I am also glad you drew attention to her tenderness of heart, which was very evident, especially in her work as a nurse, but which, again, is sometimes overlooked today. In various literature hostile to the Belgian monarchy, I have seen claims to the effect that she was "cold and hard", for example.

  2. Bravo! A great Queen exactly! Who could say otherwise? I know of no other queen of her time who did so much, especially during the war, being so close to the front and caring for the people herself. Queen Elisabeth was excellent! And a great Character she was too. :D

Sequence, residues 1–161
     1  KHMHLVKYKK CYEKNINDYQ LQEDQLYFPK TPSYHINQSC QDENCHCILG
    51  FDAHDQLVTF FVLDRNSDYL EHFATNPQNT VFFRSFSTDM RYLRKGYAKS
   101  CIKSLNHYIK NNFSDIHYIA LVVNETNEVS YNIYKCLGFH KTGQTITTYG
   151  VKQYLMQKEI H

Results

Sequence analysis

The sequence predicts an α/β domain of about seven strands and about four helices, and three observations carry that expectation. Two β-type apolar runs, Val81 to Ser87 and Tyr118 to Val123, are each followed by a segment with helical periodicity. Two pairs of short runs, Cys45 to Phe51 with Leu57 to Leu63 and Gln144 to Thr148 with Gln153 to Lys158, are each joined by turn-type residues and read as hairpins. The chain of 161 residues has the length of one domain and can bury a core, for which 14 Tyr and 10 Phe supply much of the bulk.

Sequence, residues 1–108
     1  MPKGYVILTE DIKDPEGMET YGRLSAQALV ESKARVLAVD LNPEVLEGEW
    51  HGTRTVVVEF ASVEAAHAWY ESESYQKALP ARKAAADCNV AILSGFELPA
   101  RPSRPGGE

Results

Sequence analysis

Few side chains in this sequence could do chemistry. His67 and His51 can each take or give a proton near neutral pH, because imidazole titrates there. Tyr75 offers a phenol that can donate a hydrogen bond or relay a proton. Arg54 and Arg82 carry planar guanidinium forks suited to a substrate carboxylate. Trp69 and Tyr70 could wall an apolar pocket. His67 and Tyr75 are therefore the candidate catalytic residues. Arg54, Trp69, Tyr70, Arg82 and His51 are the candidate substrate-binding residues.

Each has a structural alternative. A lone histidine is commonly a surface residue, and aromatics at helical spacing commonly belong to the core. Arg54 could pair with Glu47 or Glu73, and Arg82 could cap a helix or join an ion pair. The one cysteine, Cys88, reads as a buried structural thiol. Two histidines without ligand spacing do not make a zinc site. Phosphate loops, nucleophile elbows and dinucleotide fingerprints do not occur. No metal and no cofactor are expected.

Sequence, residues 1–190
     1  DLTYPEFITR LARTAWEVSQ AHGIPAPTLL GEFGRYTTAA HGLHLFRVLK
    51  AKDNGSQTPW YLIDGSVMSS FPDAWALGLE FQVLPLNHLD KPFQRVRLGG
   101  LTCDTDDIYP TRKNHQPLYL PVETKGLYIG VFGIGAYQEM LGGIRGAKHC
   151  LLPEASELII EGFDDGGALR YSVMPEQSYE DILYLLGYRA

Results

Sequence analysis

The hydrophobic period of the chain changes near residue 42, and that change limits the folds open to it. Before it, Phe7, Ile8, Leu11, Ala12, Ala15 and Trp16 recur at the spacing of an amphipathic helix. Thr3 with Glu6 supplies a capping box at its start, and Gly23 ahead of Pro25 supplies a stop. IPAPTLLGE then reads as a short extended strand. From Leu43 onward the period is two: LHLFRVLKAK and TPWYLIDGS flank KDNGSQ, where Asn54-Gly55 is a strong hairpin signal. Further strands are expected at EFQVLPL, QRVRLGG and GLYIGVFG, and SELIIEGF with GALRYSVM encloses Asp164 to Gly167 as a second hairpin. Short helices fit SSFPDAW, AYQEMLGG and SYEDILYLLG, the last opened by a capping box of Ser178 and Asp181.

3. A search on King Albert I brought me to your blog. Walter Isaacson's book on Einstein had a mention of the visit with the music loving trio. Imagine the queen and Einstein performing Mozart! Issaacson states Einstein said of the royal couple "These two simple people are of a purity and goodness that is seldom to be found,"